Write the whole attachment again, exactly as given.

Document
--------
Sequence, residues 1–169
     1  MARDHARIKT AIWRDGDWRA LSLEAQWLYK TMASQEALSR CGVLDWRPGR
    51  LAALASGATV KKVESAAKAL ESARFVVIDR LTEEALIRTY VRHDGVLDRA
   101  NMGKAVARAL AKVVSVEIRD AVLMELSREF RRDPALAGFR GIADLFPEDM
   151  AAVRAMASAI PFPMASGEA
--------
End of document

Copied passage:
Sequence, residues 1–169
     1  MARDHARIKT AIWRDGDWRA LSLEAQWLYK TMASQEALSR CGVLDWRPGR
    51  LAALASGATV KKVESAAKAL ESARFVVIDR LTEEALIRTY VRHDGVLDRA
   101  NMGKAVARAL AKVVSVEIRD AVLMELSREF RRDPALAGFR GIADLFPEDM
   151  AAVRAMASAI PFPMASGEA